Moscow acted swiftly to boost its ties with Tehran and beef up the Syrian military in reaction to the US-British-French surgical missile strike on Syria’s chemical sites on Saturday, April 12. DEBKAfile’s analysts report that when Russian and Iranian officials warned of “consequences,” they were already on the move:
- Saturday morning, while cruise missiles rained down on Syrian chemical sites, a Syrian-Hizballah force, backed by Russian mercenaries, renewed their push to cross the Euphrates River and snatch from US control the east Syrian Konok gas and Al-Umar oil fields. There were initial clashes with the US-backed Syrian Democratic Army (SDF). Two days earlier, Ayatollah Ali Khamenei’s close adviser Ali Akbar Velyati pointed the way when he told a news conference in Damascus: East of the Euphrates is “a very important area. We hope big steps will be taken in order to liberate this area and expel the occupying Americans.”
- While media reports abounded about Moscow’s non-reprisal for the US-led attack, Moscow was quietly getting ready to confront the US and its allies. Heavy Russian strategic Tu-95 and Tu-22M bombers were deployed Thursday to air bases in Iran, thereby cutting their flying time to Syria and Iraq by at least four hours; and Russian freighters were transiting the Bosporus Straits Friday and Saturday in full sight of intelligence surveillance, laden with new military equipment for the Syrian army.
- US care in limiting its operation essentially to three sites, where the Bashar Assad‘s army was clandestinely making and stockpiling chemical weapons, served Moscow’s purpose
- Assad still retains substantial quantities of poison weapons even after these sites were struck by more than 100 missiles. He is still capable of using them again and will not be deterred from doing so if he thinks his regime is in danger.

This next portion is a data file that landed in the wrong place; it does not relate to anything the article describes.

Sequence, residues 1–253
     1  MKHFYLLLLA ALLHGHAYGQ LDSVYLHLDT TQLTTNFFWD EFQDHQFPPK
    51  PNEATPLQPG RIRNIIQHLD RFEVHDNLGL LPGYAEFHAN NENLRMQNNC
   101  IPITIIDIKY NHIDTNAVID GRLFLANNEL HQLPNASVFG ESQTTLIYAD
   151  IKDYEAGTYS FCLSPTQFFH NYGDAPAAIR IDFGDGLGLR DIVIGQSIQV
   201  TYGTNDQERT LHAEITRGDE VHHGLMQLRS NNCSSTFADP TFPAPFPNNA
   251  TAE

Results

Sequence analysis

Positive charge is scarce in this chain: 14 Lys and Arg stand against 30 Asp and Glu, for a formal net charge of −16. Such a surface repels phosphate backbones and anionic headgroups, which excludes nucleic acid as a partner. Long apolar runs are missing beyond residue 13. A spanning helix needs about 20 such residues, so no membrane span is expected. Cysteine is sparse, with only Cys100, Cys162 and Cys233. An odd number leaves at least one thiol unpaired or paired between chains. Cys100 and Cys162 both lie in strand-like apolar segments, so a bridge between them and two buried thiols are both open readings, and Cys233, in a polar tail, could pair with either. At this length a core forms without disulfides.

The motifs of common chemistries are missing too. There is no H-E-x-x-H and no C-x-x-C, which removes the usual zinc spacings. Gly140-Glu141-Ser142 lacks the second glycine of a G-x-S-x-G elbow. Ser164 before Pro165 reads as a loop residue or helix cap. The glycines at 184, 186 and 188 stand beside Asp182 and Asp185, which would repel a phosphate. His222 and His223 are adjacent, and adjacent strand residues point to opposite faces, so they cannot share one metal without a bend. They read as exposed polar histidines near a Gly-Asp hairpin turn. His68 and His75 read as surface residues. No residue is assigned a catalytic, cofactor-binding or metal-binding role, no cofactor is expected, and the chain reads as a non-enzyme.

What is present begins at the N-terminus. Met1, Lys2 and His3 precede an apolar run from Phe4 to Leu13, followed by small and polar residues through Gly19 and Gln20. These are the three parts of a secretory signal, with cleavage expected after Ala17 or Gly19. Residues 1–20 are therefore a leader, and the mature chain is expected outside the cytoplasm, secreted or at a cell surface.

- The US-led operation was beset by controversy between President Donald Trump and his defense secretary, James Mattis. Had it been up to Mattis, it would not have been launched. The delay derived from the arguments against the strike put forward by the Defense Secretary and US army chiefs led by Gen. Joseph Danford, Chairman of the Joint chiefs of Staff. They predicted that Russia and Iran would not take the missile assault lying down and a single single-dimensional strike would be the catalyst for a full-scale US war with Russia on Syrian soil. Mattis tried to put the brakes on the operation on Saturday morning by calling it “a one-time shot.” But then, President Trump stated in a TV speech: “We are prepared to sustain this response until the Syrian regime stops its use of prohibited chemical agents.”
- Trump is perfectly capable of sacking Mattis with the same lack of ceremony with which he let Secretary of State Rex Tillerson go last month. But this won’t resolve his differences with the generals regarding the scope of US military action in Syria. He will count on close support from Tillerson’s successor at State, Mike Pompeo, and his new national security adviser John Bolton, for widening the US military action in Syria into further strikes against the Assad regime.
- Whereas the Trump administration took care to keep the multilateral attack in Syria well-defined to chemical targets, the Russians never promised to limit their response. They may well go for a major military success in Syria so as to obliterate the impact of the US-led assault. The Russian information machine was already at work before noon on Saturday, when Col. Gen. Sergei Rudskoi of the Russian military’s General Staff maintained that Syria’s Russian-made air defense systems downed 71 out of 103 missiles launched by the US and allies in Syria, with the help of monitoring by “Russian air defense assets” – but without the direct engagement of any Russian missiles. This was a message to Washington that a fresh wave of strikes in Syria would encounter direct Russian engagement. The Russian general also claimed that “only minor damage” was caused by the first wave.
- Russian Defense officials also threatened that Russia would resume discussions with Syria and other countries over the sale of modern S-300 air defense systems to protect against future US strikes.